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- A Prisoner in Fairyland - 4/79 -


prerogatives that damaged the entire sex.

'Old-fashioned bachelor, no doubt, I am,' he smiled quietly to himself, coming back to the first reflection whence his thoughts had travelled so far--the reflection, namely, that now at last he possessed the freedom he had longed and toiled for.

And then he paused and looked about him, confronted with a difficulty. To him it seemed unusual, but really it was very common.

For, having it, he knew not at first what use to make of it. This dawned upon him suddenly when the sunlight splashed his tawdry slippers with its gold. The movement to the open window was really instinctive beginning of a search, as though in the free, wonderful spaces out of doors he would find the thing he sought to do. Now, settled back in the deep arm-chair, he realised that he had not found it. The memories of childhood had flashed into him instead. He renewed the search before the dying fire, waiting for the sound of Minks' ascending footsteps on the stairs. ...

And this revival of the childhood mood was curious, he felt, almost significant, for it was symbolical of so much that he had deliberately, yet with difficulty, suppressed and put aside. During these years of concentrated toil for money, his strong will had neglected of set purpose the call of a robust imagination. He had stifled poetry just as he had stifled play. Yet really that imagination had merely gone into other channels--scientific invention. It was a higher form, married at least with action that produced poetry in steel and stone instead of in verse. Invention has ever imagination and poetry at its heart.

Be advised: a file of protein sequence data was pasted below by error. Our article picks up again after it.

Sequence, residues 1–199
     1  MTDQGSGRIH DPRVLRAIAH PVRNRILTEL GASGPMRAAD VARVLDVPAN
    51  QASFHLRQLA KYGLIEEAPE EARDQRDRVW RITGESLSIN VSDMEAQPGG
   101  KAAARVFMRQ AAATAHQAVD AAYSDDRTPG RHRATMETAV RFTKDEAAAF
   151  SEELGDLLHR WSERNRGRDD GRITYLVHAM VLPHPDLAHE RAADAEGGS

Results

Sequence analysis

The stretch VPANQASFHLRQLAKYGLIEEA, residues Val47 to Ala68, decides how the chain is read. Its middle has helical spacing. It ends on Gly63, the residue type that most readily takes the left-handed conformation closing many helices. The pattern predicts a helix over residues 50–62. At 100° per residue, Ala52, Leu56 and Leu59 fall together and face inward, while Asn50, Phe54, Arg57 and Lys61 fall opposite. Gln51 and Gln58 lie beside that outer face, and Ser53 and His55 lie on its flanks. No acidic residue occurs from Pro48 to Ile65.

The acquirement of wealth demanded his entire strength, and all lighter considerations he had consistently refused to recognise, until he thought them dead. This sudden flaming mood rushed up and showed him otherwise. He reflected on it, but clumsily, as with a mind too long trained in the rigid values of stocks and shares, buying and selling, hard figures that knew not elasticity. This softer subject led him to no conclusion, leaving him stranded among misty woods and fields of flowers that had no outlet. He realised, however, clearly that this side of him was not atrophied as he thought. Its unused powers had merely been accumulating--underground.

He got no further than that just now. He poked the fire and lit another cigarette. Then, glancing idly at the paper, his eye fell upon the list of births, and by merest chance picked out the name of Crayfield. Some nonentity had been 'safely delivered of a son' at Crayfield, the village where he had passed his youth and childhood. He saw the Manor House where he was born, the bars across the night- nursery windows, the cedars on the lawn, the haystacks just beyond the stables, and the fields where the rabbits sometimes fell asleep as they sat after enormous meals too stuffed to move. He saw the old gravel-pit that led, the gardener told him, to the centre of the earth. A whiff of perfume from the laurustinus in the drive came back, the scent of hay, and with it the sound of the mowing-machine going over the lawn. He saw the pony in loose flat leather shoes. The bees were humming in the lime trees. The rooks were cawing. A blackbird whistled from the shrubberies where he once passed an entire day in hiding, after emptying an ink-bottle down the German governess's dress. He heard the old family butler in his wheezy voice calling in vain for 'Mr. 'Enery' to come in. The tone was respectful, seductive as the man could make it, yet reproachful. He remembered throwing a little stone that caught him just where the Newgate fringe met the black collar of his coat, so that his cry of delight betrayed his hiding-place. The whacking that followed he remembered too, and how his brother emerged suddenly from behind the curtain with, 'Father, may I have it instead of Henry, please?' That spontaneous offer of sacrifice, of willingness to suffer for another, had remained in his mind for a long time as a fiery, incomprehensible picture.